6 Considerations When Evaluating an Intent Data Source

Whether you’re new to intent or have been experimenting with different sources for a while, our clients have found it helpful to evaluate potential additions to their stacks in terms of six considerations.

The first 3 intent data considerations here speak directly to the overall importance of intent data and the last three focus more on its specific value to sales teams.

How intent data can drive real change and better outcomes for your organization

 

#1 – Actionability

One huge difference between behavioral data and many of the feeds you might pump into your stack is that it changes so rapidly. Given this rate of change, to maximize value, the data has to both inspire you and enable you to act with confidence.  When adding a data source, make sure it provides everything you need to react quickly to new insights.

intent data considerations

#2 – Substance

There’s plenty of data available around that might increase what you know about a particular account. The question you need to be asking about any data source is whether or not the addition will truly help to either reinforce your current decisions, or conversely, provide a good rationale for near-term changes. If a new source lacks the precision necessary to change your own behavior in some substantive way, it may just be another “nice to have” that you can do fine without.

#3 – Revenue

When your marketing team becomes better aligned with sales, its inspirations and instincts undergo real change. Instead of being obsessed only with outputs, marketing too becomes focused on business outcomes. This starts delivering more real opportunities into the pipeline. Even more, it means delivering more revenue out the end. Purchase intent data’s primary purpose is to deliver more revenue to your company. Before adding it to your stack, make sure you understand clearly how directly and quickly that added data can make that a reality for you.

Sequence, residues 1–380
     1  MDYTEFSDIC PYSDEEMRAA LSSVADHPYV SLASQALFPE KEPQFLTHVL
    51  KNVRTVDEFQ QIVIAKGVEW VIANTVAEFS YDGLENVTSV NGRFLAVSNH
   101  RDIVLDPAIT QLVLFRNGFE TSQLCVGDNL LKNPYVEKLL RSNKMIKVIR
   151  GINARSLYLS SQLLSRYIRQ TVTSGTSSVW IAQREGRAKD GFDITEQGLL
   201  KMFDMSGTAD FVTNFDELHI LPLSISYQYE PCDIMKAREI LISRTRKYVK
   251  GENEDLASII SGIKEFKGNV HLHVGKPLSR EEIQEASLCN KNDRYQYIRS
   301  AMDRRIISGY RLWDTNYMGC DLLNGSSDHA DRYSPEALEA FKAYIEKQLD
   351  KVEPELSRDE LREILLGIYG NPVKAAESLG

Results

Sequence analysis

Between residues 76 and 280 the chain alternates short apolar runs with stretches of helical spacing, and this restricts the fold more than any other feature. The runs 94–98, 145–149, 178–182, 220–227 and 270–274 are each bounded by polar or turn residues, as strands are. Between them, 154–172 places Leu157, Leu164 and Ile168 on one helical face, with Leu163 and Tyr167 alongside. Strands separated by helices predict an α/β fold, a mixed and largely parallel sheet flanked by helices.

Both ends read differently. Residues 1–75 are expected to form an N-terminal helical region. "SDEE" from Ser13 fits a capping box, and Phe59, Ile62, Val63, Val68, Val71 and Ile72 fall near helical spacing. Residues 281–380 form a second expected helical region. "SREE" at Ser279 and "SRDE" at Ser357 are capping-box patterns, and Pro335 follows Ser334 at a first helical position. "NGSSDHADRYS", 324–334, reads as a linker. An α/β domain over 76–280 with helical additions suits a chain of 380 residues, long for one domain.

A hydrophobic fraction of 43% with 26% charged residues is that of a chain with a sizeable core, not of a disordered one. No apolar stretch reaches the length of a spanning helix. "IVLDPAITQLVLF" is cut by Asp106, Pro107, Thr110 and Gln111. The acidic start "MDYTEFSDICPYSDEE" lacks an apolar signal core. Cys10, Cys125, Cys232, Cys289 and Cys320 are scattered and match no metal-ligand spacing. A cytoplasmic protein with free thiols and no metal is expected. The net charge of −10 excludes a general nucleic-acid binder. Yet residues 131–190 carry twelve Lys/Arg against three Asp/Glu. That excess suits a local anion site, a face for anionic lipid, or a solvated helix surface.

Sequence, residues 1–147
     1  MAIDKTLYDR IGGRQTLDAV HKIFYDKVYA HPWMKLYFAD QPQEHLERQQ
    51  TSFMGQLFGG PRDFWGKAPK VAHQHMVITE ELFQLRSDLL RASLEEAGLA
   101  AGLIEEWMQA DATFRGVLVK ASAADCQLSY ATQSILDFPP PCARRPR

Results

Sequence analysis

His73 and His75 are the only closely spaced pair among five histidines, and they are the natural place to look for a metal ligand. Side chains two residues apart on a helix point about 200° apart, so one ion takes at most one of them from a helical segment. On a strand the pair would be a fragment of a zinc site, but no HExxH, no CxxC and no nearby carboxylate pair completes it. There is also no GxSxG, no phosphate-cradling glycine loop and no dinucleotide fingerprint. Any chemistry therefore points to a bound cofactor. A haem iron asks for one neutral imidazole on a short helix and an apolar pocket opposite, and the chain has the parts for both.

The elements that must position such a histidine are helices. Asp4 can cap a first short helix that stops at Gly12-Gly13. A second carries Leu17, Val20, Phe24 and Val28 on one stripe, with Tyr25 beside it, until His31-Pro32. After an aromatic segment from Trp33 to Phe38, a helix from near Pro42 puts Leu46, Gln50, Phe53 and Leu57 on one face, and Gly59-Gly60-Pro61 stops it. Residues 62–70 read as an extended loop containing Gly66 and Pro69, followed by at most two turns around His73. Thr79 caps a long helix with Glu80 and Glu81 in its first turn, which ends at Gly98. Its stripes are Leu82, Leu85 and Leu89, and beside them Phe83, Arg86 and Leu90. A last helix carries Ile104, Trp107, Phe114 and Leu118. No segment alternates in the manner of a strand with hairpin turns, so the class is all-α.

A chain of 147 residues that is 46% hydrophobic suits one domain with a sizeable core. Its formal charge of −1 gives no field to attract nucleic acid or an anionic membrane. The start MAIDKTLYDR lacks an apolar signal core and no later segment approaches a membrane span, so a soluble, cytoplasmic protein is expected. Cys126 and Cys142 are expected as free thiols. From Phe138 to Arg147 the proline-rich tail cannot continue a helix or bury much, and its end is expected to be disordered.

Real intent accelerates sales success by exposing the buying behaviors and sentiments of a buying team

Great salespeople are super-adept at turning opportunities into closed/won deals. They’re better than most at assessing need and they’re experts at engaging very specific people with highly relevant outreach. They’re able to adjust and refine their interactions quickly. They create far more win-win conversations across buying teams.

Real intent data accelerates sales success precisely because it supplies the right intelligence a seller needs to make them better at doing their job. So to deliver on this promise, real intent data must obviously be:

#4 – Relevant and accurate

While it can be argued that any information about an account could be useful to a seller, in practice, more information isn’t necessarily better. It takes time to process. It can lead to missteps caused by a perception that a topic matters to the prospect when it really doesn’t. It can waste time.

If the data source is not exceptionally relevant to the types of conversations that sellers use to gain meetings and create opportunities, chances are it’s not as useful as the supplier suggests.

As you evaluate sources of data, think hard about what you’re seeing. Bring sales colleagues into the process and ask them how useful they find the available data points. Be careful to probe your colleagues for their real opinions, because human nature often leads people to say things like “I can use whatever you’ve got”, when in fact, very little of what you supply may find its way into essential call prep workflows